Once the navigator finds the Tuamotu Archipelago, the navigation for that particular leg is over, and Tahiti is just 240 nautical miles away, or a short oceanic crossing of a day and a half, on a heading of Manu Kona, or southwest, on the star compass.


Special Events in March

March 20 marks the Vernal or Spring Equinox when the sun rises exactly in the east and sets exactly in the west. In the Northern Hemisphere this is celebrated as the first day of spring. Despite the name “equinox,” however, this day does not actually have equal parts of daytime and nighttime. In Honolulu, March 15 will actually be the day closest to having equal lengths of day and night, with the daytime lasting 12 hours and 1 minute.


The month of March will have 2 full moons, the first one occurring on March 1 and the second on March 31.   When this occurs the second full moon is often referred to as a “Blue Moon,” though the moon’s color does not change.


On the evening of March 15, Mercury will be at a unique position in its orbit known as Greatest Eastern Elongation. From Earth’s perspective, this is Mercury’s farthest position from the Sun and the best night to view the planet.  Note, however, that Mercury will still be setting early in the evening and will disappear from our sky by 7:45 pm HST.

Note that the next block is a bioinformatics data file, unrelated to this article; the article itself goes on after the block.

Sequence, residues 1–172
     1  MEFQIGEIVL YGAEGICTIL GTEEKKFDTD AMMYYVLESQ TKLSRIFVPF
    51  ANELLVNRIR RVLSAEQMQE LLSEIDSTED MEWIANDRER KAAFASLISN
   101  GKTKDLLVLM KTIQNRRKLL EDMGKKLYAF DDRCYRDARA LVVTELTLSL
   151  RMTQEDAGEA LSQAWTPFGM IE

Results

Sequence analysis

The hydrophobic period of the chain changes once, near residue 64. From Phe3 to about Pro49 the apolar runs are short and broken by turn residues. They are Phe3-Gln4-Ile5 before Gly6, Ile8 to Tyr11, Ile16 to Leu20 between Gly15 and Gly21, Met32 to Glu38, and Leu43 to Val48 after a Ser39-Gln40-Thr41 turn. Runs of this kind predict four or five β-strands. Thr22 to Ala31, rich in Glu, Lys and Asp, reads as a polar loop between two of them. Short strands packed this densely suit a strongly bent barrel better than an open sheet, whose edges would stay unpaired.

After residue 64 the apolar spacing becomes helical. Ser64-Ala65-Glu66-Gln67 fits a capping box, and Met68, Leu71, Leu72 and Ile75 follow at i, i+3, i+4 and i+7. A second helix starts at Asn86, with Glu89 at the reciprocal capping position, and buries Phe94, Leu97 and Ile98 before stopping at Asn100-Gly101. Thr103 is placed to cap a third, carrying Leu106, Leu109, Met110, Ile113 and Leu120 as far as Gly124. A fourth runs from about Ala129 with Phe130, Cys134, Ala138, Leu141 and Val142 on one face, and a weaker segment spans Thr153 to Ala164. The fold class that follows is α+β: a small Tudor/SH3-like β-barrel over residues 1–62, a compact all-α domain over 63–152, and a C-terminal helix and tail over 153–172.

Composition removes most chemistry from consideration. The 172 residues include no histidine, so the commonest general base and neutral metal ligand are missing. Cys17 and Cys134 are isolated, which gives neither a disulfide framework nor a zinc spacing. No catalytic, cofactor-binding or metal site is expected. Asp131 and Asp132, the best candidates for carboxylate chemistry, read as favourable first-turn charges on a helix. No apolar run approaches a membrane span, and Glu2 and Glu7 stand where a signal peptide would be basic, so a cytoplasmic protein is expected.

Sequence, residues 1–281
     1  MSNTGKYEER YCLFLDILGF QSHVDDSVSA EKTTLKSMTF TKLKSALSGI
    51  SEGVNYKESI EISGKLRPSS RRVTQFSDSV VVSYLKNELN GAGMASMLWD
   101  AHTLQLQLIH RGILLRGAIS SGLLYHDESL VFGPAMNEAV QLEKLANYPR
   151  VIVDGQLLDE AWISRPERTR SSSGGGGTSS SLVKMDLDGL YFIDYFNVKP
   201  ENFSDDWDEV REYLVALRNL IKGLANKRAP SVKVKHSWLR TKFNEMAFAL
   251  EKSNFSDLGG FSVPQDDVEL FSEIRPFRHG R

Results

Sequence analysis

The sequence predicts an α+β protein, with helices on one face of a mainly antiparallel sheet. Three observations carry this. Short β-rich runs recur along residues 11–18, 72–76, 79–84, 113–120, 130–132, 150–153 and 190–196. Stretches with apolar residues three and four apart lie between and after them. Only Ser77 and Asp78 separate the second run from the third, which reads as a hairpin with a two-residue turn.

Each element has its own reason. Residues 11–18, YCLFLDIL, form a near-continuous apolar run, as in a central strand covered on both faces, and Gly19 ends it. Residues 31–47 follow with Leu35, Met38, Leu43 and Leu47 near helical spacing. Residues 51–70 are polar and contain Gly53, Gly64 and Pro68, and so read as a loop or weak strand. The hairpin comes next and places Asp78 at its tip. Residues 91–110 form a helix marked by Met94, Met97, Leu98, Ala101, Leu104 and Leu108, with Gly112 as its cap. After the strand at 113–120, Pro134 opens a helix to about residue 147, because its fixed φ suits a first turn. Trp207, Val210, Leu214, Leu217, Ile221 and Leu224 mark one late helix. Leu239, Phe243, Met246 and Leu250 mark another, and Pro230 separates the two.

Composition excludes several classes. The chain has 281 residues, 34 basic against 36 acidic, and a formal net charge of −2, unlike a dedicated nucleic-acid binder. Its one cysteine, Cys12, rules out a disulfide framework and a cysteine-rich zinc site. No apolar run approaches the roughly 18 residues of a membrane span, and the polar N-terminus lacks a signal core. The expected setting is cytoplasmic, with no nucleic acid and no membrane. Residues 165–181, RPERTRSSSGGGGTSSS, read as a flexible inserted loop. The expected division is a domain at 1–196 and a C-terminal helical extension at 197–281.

March Night Sky

Rising out of Manu Ko‘olau, the northeastern horizon, look for the recognizable shape of Nāhiku, famously known as the Big Dipper.  This constellation of 7 stars is a familiar sight across the Northern Hemisphere.  The 2 bright stars in the front scoop of the dipper point directly to Hōkūpa‘a (North Star).   As a fun challenge, look at the 2nd star from the end of the handle of the dipper.  If you have good vision you may be able to pick out two, or even three stars nearby.  The brightest of these is Mizar, next to it will be the fainter star Alcor, and between Mizar and Alcor, those with truly excellent eyesight can make out the faint Ludwig’s Star.  In earlier times these stars were commonly used as a vision test.


As we enter the spring months, the familiar shape of Kaheiheionakeiki (Orion) will be high in our western sky during the early evening. This shape is quite famous around the world as it is composed of bright stars and lies on the celestial equator, meaning that no matter where you are on Earth, it will be visible in the sky.  

To the north and west of Kaheihieonakeiki will be the distinctive star cluster of Makali‘i, also well known as the Pleiades or “Seven Sisters.”  This is one of the closest star clusters to our solar system at only 444 light years away.


March Morning Sky

Throughout March, sunrise occurs around 6:30 am, giving early risers a beautiful view of the sky.  During these early morning hours, the planets of Jupiter, Mars, and Saturn will be rising in the south east, lined up nicely in front of the central bulge of the Milky Way.